Seydou Keita was often left as a free man, as Thiago Motta and Cambiasso were often forced to cover other players. Eto’o was frequently in the vicinity of him and could have just dropped back goalside, but as Mourinho was still attempting to score at this point he didn’t. As Keita isn’t a good enough player to take advantage of this space effectively, it becomes something of an irrelevant point, but when bearing in mind he was the replacement of Iniesta, you have to wonder how Mourinho would have combated the diminutive Spaniard.
As it was he only had to stop one of Barcelona’s midfield playmakers, Xavi, and he did so by getting Wesley Sneijder to track him (fig. 6). If for any reason Sneijder leaves Xavi, another midfielder takes charge and attempts to squeeze him back into a tighter area (fig. 7 & 8).
The only other specific job anyone has is Diego Milito, who is tasked with stopping Sergio Busquets from getting the ball. Whenever one of the central defenders is on the ball, he will get in the way of their angle to Busquets (fig. 9 & 10) and should he get the ball he hounded down (fig. 11). By stopping this first ball out of defence, Milito eliminates the link between the midfield, forcing Xavi to come deeper to retrieve the ball (fig. 7) where he is less dangerous.
Each player knew what their jobs were and followed them to perfection; it was an incredibly disciplined performance. Take for example a free-kick early one: it was an innocuous challenge and Chivu goes to argue with the referee only to immediately stop and get in his position, meanwhile Sneijder has gone over to stand in front of the ball, ensuring Barcelona can’t take their free-kick until Inter are ready. These are minute things, but add up. Barcelona, on the other hand, were obviously getting frustrated, bickering with the referee and giving away the ball sloppily.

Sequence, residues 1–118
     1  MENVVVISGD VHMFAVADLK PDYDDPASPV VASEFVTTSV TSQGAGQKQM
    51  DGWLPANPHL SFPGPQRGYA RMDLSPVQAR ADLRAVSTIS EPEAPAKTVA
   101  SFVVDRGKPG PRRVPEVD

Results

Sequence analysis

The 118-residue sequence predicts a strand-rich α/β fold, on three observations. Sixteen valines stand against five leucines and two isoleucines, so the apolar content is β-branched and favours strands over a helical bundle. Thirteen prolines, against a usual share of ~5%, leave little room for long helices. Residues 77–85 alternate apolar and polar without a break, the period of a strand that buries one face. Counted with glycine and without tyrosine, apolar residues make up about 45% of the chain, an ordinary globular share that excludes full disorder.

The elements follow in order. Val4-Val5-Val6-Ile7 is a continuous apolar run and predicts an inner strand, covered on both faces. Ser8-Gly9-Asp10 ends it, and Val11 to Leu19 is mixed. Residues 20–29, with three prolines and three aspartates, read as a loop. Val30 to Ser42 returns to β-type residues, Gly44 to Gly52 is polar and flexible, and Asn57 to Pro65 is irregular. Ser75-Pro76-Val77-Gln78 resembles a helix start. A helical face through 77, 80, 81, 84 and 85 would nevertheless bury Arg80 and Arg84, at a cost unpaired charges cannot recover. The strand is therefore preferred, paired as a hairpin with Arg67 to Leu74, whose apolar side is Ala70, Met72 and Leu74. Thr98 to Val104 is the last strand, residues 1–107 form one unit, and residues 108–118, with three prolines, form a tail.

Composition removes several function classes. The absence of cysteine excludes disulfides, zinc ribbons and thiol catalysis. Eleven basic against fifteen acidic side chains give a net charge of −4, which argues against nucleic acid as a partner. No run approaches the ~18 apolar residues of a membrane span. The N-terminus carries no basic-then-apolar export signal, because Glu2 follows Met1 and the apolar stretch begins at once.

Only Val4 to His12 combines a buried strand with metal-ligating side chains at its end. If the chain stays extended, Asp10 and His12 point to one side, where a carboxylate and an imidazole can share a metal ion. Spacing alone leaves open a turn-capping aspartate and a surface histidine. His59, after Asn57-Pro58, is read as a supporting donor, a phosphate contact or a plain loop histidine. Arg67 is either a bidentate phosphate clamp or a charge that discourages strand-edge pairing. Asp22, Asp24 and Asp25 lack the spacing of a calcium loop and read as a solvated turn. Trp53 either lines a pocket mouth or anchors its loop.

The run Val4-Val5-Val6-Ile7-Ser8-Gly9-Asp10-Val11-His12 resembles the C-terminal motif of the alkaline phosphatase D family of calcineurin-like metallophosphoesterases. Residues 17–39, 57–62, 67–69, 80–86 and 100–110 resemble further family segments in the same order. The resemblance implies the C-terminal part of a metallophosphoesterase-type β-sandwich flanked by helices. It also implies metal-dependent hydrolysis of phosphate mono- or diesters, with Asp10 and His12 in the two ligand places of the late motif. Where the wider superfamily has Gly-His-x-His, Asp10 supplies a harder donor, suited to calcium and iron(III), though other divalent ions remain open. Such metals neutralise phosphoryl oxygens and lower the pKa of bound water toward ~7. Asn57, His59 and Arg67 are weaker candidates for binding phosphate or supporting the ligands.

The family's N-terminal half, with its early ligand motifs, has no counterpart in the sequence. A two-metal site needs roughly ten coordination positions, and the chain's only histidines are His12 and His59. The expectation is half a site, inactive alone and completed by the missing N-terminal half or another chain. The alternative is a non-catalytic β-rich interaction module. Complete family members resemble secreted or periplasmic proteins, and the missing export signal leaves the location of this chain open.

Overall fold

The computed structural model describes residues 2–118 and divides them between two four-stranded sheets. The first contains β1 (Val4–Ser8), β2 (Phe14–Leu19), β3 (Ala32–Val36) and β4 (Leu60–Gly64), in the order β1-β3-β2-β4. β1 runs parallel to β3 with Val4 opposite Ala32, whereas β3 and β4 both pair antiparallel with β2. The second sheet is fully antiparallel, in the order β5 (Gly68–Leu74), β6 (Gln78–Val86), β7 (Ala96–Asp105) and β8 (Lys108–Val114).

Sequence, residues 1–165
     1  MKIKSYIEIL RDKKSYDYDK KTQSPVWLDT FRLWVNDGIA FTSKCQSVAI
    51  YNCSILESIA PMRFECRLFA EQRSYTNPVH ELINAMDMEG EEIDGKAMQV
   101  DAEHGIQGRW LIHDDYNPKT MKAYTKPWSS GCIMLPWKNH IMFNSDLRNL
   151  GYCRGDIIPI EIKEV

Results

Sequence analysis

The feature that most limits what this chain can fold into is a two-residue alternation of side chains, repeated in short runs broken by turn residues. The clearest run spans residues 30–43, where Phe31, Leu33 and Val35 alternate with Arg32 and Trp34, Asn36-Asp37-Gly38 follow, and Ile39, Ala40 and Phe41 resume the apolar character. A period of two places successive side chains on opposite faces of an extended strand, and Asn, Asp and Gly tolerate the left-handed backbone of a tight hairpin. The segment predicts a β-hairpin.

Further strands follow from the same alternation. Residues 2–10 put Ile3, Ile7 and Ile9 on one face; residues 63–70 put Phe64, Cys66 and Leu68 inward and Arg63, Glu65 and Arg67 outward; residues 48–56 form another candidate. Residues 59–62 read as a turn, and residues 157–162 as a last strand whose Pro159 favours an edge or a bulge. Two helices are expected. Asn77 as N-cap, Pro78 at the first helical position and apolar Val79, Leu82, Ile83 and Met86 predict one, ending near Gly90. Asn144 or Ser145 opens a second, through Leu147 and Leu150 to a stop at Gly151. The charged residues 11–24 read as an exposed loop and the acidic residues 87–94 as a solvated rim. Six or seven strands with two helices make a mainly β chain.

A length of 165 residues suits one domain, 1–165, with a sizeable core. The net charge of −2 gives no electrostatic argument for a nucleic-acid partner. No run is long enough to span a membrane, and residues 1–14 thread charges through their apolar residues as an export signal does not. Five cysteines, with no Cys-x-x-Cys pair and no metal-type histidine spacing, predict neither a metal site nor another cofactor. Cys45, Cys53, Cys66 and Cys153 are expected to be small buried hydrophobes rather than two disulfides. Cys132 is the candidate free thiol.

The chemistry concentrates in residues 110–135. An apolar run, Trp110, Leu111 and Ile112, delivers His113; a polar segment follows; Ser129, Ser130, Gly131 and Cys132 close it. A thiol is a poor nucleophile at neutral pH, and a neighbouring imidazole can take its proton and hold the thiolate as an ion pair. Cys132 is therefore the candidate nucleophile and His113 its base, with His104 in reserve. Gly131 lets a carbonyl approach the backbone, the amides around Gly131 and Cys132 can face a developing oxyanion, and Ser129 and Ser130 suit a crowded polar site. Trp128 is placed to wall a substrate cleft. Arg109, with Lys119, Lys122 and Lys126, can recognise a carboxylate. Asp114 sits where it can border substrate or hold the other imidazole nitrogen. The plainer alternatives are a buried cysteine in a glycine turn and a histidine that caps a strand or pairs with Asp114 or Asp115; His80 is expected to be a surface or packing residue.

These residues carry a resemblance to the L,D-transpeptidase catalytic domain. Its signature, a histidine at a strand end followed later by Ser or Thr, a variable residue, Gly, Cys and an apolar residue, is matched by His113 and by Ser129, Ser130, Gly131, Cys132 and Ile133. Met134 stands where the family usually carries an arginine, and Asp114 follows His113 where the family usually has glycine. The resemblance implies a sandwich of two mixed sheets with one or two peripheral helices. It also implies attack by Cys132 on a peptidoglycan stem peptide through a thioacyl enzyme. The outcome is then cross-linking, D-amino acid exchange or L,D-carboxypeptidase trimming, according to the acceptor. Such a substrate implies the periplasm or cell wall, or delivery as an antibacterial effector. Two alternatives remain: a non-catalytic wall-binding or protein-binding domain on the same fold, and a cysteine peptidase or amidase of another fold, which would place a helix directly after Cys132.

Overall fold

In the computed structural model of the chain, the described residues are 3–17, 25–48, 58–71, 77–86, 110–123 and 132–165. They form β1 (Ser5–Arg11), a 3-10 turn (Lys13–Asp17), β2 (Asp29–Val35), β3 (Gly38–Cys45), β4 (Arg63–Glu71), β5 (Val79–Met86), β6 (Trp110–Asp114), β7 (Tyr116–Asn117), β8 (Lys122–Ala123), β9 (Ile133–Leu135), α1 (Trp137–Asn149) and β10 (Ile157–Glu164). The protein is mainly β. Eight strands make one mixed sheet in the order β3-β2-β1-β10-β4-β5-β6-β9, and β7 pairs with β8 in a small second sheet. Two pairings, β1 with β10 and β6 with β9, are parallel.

The only exception to this was Thiago Motta, even though the initial foul was harsh, he deserved to be sent off for the fracas after it. Now a man down, Inter gave up on attacking, openly ceding possession to keep their shape. Mourinho switched to a 4-2-3-0, with Chivu moving into Thiago Motta’s spot, Eto’o shifting to the left and Milito to the right. They formed two deep narrow bands of four with Milito and Eto’o tracking Barca’s attacking full-backs.
Having seen Hercules beat Barcelona with a similar gameplan and the Catalans now without their designated big man Zlatan Ibrahimovic, you would expect Mourinho to more or less follow the same blueprints with some tweaks. He didn’t.
Johan Cruyff spoke before the game about Barcelona’s pressing game: “We want the ball, because I want to decide how I want to play. If I’ve got the ball, the others have got to adapt themselves. Mourinho in his way of playing at Inter Milan was always the opponent had the ball and you adapt yourself. But that’s not the philosophy of my game. That’s why you see people like Guardiola, he is passing this on.”